|What questions should I ask a prospective lawyer?|
When you are looking to retain a lawyer, it is really important to determine in advance what your expectations are. Remember, you are buying a service and whenever you are buying something you should keep in mind the adage: "Price Quality Service - Pick Two" because no one can deliver all three.
Questions related to the quality of the end result- that is, good marketable title- are essential because that is ultimately the most important aspect of the transaction. The types of questions in this category relate to the experience of the lawyer and his or her staff. A more experienced lawyer should be able to anticipate potential problems and deal with them more effectively than a less experienced lawyer simply because he has run into these problems before and knows how to deal with them. However, this is only a general rule as some new lawyers are extremely competent and some older lawyers are extremely incompetent. In any event, experience is a factor to be considered.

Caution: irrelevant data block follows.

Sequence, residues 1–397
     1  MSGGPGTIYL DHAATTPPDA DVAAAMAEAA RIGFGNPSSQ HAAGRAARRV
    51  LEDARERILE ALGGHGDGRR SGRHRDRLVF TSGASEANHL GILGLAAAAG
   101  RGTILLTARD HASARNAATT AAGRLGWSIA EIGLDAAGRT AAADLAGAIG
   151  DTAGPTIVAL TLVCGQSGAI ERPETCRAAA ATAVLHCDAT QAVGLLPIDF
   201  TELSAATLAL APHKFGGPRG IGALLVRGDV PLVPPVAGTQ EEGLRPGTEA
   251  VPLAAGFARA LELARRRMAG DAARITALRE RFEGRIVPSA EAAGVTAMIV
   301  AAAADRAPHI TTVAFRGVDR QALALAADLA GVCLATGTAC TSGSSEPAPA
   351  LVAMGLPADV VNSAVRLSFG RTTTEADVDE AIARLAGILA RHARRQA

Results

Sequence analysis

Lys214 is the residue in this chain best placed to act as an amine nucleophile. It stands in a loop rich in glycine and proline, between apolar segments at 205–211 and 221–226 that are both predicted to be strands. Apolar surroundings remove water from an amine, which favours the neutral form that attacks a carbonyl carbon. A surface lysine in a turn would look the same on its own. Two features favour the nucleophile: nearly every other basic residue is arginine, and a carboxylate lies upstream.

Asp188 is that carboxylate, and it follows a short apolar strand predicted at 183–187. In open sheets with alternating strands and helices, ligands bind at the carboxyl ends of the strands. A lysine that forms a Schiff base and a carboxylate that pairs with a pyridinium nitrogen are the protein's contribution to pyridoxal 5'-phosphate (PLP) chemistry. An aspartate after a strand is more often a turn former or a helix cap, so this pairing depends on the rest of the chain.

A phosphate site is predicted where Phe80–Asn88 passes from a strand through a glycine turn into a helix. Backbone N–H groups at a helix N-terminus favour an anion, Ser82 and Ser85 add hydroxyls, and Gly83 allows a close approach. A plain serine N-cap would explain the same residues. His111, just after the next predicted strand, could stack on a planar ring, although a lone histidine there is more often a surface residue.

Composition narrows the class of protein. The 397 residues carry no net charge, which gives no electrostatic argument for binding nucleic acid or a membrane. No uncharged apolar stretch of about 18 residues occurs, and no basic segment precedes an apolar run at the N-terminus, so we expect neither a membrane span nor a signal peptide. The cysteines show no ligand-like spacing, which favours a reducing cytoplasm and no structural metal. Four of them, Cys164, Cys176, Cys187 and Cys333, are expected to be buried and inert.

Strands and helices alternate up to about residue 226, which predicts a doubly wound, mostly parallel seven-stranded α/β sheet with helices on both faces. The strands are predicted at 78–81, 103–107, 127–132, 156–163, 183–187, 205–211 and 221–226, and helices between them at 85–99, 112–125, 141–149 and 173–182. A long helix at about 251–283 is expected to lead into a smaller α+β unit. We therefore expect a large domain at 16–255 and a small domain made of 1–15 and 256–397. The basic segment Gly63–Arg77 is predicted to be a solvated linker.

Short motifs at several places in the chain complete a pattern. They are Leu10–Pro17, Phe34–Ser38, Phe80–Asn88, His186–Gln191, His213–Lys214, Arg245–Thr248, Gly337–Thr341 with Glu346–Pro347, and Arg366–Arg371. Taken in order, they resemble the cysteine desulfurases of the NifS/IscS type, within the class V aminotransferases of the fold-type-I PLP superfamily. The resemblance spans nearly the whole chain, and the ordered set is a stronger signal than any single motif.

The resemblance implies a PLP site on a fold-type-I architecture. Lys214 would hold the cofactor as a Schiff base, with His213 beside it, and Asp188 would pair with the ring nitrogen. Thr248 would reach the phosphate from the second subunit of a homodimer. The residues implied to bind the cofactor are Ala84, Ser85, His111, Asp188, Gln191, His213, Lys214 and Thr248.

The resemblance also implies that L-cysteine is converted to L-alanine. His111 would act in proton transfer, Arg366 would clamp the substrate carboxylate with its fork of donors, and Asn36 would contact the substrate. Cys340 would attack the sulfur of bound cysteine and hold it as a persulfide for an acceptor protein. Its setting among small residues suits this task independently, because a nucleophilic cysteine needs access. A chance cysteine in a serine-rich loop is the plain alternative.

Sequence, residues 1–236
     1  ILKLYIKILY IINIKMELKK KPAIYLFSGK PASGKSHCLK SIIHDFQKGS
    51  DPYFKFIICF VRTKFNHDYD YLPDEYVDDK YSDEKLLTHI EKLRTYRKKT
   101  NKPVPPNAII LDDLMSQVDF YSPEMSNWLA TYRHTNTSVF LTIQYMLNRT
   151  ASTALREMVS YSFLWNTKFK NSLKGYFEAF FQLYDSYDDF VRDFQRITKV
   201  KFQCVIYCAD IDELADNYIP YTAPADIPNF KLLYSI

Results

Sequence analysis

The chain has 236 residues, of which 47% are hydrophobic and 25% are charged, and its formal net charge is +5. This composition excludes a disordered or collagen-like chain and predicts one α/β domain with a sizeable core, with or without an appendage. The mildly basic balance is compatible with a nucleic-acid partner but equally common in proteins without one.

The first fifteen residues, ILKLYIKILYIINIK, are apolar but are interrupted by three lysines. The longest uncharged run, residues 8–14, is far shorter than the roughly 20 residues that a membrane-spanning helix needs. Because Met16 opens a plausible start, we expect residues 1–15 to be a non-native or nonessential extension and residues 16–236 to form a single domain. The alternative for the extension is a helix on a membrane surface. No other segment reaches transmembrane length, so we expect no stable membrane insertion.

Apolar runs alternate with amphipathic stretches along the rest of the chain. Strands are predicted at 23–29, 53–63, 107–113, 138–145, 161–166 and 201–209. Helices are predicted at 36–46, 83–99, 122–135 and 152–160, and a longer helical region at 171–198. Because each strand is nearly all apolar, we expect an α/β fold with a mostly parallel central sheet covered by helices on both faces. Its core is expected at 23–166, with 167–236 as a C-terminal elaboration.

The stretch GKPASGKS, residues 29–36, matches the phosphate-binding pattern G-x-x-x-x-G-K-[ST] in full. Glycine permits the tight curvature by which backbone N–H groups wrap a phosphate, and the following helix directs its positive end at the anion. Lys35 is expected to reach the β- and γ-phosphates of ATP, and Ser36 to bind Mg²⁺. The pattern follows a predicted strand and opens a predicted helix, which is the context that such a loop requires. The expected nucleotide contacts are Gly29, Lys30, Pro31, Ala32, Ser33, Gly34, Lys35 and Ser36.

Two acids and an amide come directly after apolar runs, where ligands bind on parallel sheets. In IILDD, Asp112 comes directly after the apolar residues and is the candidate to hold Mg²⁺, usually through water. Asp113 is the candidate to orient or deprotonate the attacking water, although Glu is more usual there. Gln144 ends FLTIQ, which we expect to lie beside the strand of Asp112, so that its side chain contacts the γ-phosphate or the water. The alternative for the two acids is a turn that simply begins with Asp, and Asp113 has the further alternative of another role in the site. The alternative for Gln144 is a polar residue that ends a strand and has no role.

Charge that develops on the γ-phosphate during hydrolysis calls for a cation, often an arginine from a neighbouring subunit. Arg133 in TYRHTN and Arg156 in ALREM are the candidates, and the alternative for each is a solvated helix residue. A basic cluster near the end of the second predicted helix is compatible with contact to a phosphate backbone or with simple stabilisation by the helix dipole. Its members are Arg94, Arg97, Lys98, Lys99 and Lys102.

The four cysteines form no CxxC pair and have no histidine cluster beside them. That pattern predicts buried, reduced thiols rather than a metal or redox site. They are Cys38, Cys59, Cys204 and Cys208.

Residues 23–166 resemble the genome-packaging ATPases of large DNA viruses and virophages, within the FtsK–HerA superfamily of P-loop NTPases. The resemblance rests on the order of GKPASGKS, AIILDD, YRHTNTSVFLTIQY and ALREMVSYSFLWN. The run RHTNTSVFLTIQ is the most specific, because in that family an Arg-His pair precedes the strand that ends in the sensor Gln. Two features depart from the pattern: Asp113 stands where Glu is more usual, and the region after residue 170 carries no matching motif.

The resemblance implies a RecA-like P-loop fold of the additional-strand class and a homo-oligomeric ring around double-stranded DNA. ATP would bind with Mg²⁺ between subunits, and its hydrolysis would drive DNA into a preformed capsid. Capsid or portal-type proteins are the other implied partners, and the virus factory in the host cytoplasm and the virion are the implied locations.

to price are often the first questions that clients ask prospective lawyers.
I can't tell you how many times in the first few years of my practice
I have had prospective clients call me because they are buying a property
and ask for a quote on fees. Some of them really were price shopping,
but often it was just a case of not knowing what other questions they
might ask of their potential lawyer. What a client should be asking for
is the total cost including fees and disbursements and land transfer tax
and under what circumstances additional fees may be charged. For example,
we rarely charge additional fees simply because problems arise during
a particular deal where the problem relates to the vendors and their title
to the property because that is what we are paid to deal with in the first
place. However, we will charge additional fees when the problem arises
because of some issue related to our client, such as the need to prepare
powers of attorney, clearing executions against our own client, preparing
second mortgages and that sort of thing. My personal belief is that a
client should neither go with the lowest or the highest priced lawyers
because with respect to the lowest priced lawyers you get what you pay
for and with respect to the highest priced lawyers you are throwing your
money away because there really is an upper threshold as to quality -
that is, you either get good title or you don't- and there is also an
upper threshold as to service.